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Sunday, November 10, 2013

Batman: Bloodstorm

Batman: Bloodstorm




Artist: Kelly Jones

Doug Moench


second in the Elseworlds vampiric Batman series, this stunning tale is the
ultimate test of the Batman's vow never to take a life. What happens when he
can no longer control his appetite for blood?

ending might leave some readers shocked but it's well worth it, and appropriate
for the story. Those who might take issue with the final pages might do well to
remember that in a sense, Batman has changed fundamentally from what he once
was and is some other sort of being altogether. In short, don't look a gift
horse in the mouth. If you can get past the not-so-shocking but still juicy
ending, you'll realize that Doug Moench has served up a wonderfully written
dark fantasy that takes the Batman mythos right to the edge and over it without
once appearing ungraceful or faltering even a little bit. As Elseworlds stories
go, it's damn near perfect in the way it is completely unafraid to dance up
close and personal with some rather disturbing images and yet never loses the
feel of being a completely accurate Batman story.

Batman's mystique is so pervasive and ubiquitous that it lends itself to a
number of gothic, iconic images, none more so than that of the ultimate
creature of the night, the vampire. The thought of combining the two images in
the heart and soul of a man who is himself one of the greatest of hunters is a
thought almost too delicious too contemplate. The treatment alone, no matter
how awful, would have been worth a look. Moench wrote a story that struggled
under the weight of the idea in the first volume, Red Rain, but has found its
stride from the first page to the last in Bloodstorm. Moench has the bit in his
teeth with this story and doesn't intend to let the reader off easy.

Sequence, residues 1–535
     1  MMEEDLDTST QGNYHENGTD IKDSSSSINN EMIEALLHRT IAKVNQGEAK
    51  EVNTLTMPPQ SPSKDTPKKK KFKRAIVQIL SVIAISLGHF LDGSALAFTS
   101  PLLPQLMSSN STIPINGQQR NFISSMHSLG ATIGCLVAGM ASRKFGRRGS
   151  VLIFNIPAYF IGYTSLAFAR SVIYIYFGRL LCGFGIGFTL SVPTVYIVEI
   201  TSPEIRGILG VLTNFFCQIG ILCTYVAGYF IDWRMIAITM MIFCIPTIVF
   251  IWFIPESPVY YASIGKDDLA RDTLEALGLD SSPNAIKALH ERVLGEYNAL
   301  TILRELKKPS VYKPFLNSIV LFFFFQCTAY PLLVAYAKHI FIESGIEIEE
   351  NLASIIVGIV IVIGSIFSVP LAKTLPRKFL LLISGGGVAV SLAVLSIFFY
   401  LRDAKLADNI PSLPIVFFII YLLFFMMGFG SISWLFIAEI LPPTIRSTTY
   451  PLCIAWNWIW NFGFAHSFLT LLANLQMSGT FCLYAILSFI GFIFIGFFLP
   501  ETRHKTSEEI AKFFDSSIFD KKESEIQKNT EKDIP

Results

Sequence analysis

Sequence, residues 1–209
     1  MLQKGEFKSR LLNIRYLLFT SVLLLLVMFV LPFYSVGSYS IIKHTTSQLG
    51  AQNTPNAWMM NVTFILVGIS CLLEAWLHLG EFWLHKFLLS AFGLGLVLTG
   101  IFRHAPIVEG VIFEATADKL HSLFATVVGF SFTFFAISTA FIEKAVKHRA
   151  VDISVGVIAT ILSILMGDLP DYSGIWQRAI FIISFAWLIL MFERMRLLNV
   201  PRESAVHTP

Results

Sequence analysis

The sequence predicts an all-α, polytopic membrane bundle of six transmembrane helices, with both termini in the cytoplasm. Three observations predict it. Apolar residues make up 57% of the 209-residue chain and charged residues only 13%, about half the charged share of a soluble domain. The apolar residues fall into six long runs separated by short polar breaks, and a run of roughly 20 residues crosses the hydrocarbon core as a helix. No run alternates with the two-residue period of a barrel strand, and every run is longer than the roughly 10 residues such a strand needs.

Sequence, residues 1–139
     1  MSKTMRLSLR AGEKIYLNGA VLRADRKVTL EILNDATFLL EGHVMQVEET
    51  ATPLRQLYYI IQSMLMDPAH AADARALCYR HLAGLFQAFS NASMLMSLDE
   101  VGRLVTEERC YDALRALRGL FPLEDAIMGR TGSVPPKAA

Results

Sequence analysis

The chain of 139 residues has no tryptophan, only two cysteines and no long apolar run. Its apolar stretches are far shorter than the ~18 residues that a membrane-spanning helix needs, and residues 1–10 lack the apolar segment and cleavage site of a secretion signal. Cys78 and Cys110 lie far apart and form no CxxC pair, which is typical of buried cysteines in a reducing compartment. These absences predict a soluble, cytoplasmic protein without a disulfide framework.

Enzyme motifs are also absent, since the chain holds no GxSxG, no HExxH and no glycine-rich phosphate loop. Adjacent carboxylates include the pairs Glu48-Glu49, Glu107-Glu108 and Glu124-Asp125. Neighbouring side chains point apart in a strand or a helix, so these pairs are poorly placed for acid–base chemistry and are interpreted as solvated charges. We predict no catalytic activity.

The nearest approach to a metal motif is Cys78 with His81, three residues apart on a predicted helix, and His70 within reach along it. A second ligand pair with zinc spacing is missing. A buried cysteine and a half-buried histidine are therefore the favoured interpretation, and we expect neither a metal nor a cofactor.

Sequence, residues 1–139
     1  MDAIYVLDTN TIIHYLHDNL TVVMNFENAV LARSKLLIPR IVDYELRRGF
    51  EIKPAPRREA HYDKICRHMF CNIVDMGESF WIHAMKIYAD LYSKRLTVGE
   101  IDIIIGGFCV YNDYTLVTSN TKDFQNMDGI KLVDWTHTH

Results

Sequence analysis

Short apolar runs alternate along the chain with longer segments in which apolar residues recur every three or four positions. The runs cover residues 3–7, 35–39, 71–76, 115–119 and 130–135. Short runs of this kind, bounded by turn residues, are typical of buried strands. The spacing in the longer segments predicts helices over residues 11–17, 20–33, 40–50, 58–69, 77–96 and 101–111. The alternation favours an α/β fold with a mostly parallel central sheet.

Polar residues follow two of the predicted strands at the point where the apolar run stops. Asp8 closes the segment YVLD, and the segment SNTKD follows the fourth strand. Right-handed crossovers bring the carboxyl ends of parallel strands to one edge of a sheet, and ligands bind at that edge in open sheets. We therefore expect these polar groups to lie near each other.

atmosphere is very Blade-like as Batman becomes both a truer version of what he
is, a creature of the night, and a more tortured human being because of his
conscience. The inner struggle quickly becomes an outer one as Batman has to
grapple with whether or not he is inflicting evil upon his city simply by

existential quandary is the heart of the action: the Joker has taken over the
legions of the undead and is forming an army to, naturally, wipe out the
Batman, as if to prove the theory that Batman creates chaos by being who he is,
as opposed to stopping it, which is the vow his life is founded on. At some
point the hard question has to be asked, and the answer won't be easy for a
fighter like him.

familiar face, Catwoman, plays an important role as a beautiful were-cat who
aids the Batman. Her role is unhappily cut short. This comic has the feel of a
monthly title to it. She truly fills out the role of helper in the manner she
might originally have if Batman, when they first met, had ever allowed her to
fight by his side. There are no Robins in the universe, so the role of teammate
falls to the woman who almost had the job in the first place, and it fits her
like a furry purple glove.

Jones, of Sandman fame, turns in beautiful gothic art that commands the eye at
every page. John Beatty adds stark touches with a heavy hand on the lines,
creating brooding, splendid images that carry the mood of the story perfectly.
It's a must have for all Batman fans.

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